Tuesday, September 17, 2019
Classic Films in Focus: THE HORRIBLE DR. HICHCOCK (1962)
Robert Flemyng plays Professor Bernard Hichcock, a London surgeon with a secret passion for dead women. His wife, Margaret (Maria Teresa Vianello, credited as Maria Fitzgerald), accommodates his desires by allowing him to anesthetize her before sex in a boudoir made up like a funeral chamber. Unfortunately for Margaret, Hichcock overdoses her one night and then leaves the country shortly after her interment in the family vault. Twelve years later he returns to London with his new wife, Cynthia (Barbara Steele), and resumes his medical practice as well as his lust for corpses. Cynthia soon suspects that Margaret is haunting the house with sinister plans for her replacement, but when Bernard discovers the truth about Margaret he makes lethal plans of his own to restore his first wife to her former place and beauty.
As Budd Wilkins observes in his Slant review of the film's Blu-ray release, The Horrible Dr. Hichcock borrows heavily from Alfred Hitchcock's Rebecca (1940), with nods to Suspicion (1941) and Vertigo (1958), as well, but there's also a strong connection to 19th century literary works like Robert Browning's "Porphyria's Lover" and Edgar Allan Poe's "Ligeia." (For a discussion of Gothic texts and the theme of necrophilia, see my essay, "Gothic Angels: The Good, Dead Girl in Robert Browning's 'Porphyria's Lover' and Alice Cooper's 'Cold Ethyl'.") Bernard's obsession with beautiful corpses is the logical, if extreme, endpoint of the Victorian fantasy of the angel in the house. Margaret is more than happy to play this role for him, while Cynthia resists it, which puts her in danger of being made a corpse for real by the forces that seek to uphold the patriarchy's rule that women be utterly passive. While Cynthia has a bad habit of fainting every time something interesting happens, she is nonetheless determined not to succumb to the threats around her without a struggle, and the audience's sympathy lies entirely with her.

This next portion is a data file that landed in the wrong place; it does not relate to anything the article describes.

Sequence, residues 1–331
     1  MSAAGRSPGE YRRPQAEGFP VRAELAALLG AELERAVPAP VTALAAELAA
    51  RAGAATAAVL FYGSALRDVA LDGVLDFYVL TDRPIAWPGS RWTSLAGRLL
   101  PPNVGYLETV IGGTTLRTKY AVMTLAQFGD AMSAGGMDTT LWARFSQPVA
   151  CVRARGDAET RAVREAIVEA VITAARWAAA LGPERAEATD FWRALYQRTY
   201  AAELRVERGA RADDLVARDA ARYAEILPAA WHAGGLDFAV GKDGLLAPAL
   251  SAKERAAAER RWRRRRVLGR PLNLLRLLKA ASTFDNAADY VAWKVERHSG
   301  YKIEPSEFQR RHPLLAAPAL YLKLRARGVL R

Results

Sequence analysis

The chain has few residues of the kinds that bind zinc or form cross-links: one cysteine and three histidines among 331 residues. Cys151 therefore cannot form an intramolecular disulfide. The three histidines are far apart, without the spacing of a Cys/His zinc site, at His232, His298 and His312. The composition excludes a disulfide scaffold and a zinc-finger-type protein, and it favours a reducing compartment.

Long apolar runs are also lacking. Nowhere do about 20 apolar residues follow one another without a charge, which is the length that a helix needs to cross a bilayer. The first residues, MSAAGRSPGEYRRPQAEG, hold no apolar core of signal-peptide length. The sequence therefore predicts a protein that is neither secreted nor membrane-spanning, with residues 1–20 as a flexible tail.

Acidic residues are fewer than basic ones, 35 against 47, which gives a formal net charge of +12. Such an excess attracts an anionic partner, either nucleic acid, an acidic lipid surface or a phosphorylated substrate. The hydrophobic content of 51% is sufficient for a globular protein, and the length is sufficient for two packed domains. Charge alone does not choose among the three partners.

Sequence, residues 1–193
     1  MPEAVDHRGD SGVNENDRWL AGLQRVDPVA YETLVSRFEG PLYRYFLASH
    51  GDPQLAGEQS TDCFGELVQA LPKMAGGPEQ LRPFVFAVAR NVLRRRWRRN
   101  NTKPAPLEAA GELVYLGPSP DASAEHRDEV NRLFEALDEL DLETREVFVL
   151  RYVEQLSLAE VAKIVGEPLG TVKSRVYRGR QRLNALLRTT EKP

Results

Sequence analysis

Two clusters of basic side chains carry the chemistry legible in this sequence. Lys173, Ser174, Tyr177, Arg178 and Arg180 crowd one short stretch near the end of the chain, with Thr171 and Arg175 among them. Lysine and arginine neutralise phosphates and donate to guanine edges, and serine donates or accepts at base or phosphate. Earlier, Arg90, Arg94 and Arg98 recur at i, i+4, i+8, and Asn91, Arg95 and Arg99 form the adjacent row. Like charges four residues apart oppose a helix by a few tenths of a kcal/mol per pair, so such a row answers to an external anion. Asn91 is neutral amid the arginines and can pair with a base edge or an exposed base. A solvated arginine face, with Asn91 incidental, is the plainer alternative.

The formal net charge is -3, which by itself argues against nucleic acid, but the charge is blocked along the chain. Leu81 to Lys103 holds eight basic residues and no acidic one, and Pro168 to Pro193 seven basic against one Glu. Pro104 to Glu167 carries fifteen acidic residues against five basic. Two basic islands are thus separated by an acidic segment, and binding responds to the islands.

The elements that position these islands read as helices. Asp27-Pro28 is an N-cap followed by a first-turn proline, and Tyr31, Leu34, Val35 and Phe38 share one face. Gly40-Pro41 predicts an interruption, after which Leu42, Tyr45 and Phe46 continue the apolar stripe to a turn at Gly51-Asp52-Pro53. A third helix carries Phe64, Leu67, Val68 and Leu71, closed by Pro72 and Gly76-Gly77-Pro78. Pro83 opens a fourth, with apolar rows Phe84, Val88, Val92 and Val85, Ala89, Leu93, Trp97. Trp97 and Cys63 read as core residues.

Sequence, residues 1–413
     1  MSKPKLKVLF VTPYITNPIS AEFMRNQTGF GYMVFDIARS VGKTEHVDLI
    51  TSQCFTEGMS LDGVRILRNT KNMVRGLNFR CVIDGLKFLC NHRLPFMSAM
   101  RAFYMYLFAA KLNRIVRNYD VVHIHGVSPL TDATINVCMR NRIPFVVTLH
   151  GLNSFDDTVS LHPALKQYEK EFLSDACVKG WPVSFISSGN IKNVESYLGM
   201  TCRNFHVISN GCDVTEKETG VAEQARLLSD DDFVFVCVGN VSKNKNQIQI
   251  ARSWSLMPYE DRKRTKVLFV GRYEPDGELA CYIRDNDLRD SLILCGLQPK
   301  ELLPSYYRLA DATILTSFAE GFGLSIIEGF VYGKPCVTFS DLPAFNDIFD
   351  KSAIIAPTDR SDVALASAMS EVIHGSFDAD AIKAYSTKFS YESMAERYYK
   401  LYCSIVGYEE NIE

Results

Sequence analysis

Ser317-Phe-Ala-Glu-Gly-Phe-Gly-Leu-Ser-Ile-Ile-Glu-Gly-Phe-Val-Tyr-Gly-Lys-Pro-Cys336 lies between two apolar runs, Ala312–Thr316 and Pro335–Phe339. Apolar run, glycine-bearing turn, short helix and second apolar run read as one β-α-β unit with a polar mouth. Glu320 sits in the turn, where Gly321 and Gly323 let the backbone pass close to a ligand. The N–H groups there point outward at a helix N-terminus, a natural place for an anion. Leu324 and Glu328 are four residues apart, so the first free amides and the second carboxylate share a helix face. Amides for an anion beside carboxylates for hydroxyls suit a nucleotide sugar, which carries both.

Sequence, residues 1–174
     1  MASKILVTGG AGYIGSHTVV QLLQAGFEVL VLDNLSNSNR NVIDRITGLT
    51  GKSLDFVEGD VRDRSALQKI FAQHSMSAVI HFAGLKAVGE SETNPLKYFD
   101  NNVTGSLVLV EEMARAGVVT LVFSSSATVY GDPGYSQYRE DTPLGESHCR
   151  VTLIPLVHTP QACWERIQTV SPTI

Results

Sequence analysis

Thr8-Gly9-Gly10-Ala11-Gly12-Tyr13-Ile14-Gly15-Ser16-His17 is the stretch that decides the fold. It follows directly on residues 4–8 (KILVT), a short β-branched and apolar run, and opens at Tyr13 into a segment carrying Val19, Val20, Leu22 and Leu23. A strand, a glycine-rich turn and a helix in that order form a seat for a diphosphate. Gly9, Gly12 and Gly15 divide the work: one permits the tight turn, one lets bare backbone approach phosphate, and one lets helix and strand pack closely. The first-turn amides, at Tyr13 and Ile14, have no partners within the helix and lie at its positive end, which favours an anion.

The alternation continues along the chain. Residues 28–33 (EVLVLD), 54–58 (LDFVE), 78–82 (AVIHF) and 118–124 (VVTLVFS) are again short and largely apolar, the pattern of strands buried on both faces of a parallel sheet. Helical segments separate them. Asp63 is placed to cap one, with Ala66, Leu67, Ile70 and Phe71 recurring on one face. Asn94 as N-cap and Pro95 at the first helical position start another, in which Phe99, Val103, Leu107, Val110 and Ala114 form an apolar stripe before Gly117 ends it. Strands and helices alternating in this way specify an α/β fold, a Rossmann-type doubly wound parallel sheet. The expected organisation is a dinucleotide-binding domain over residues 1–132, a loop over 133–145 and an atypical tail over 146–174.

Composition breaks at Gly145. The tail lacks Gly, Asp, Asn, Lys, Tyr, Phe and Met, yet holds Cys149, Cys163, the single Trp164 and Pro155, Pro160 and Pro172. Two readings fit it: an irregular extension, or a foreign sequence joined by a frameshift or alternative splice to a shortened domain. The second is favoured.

As is often the case with horror, the villain has the best role, and Robert Flemyng makes Hichcock an intriguing study in masculine selfishness, self-loathing, and irresistible sexual desire. The best scenes are the ones where Hichcock struggles against his urges but inevitably yields to them, drawn like a moth to a flame whenever a beautiful corpse lies nearby. He's the quintessential Victorian gentleman of horror, all propriety in public but pulsing with depravity in private, a Jekyll and Hyde figure whose hidden nature Cynthia doesn't suspect until it's almost too late. As the film opens we see him ruthlessly assault a grave digger in order to molest the body being buried; later, he performs surgery to repair the damage done to the very same man, with admiring proteges and a grateful family never dreaming that the same hands both harmed and healed. His duality makes him fascinating, though not particularly sympathetic, since even at his best he's a condescending, patriarchal ruler who expects everyone around him to obey his commands, whether they be student, servant, or wife. When Cynthia tries to tell him about the mysterious presence in the house he gaslights her and says that her nerves are coming undone, but once he knows it's real he just intensifies the gaslighting to keep Cynthia from realizing her peril. That alone makes him a monster, but his mad plan to restore Margaret at Cynthia's expense shows just how unbalanced he becomes by the film's fiery conclusion.
Director Riccardo Freda, who often worked under the name Robert Hampton, also made Lust of the Vampire (1957), Caltiki, The Immortal Monster (1959), and The Ghost (1963). Don't miss scream queen Barbara Steele in Black Sunday (1960) and Pit and the Pendulum (1961); she also stars - this time as a character named Margaret Hichcock! - in The Ghost, which makes it an obvious second choice for a Freda double feature. You'll find Robert Flemyng in Funny Face (1957), The Deadly Affair (1967), and The Blood Beast Terror (1968).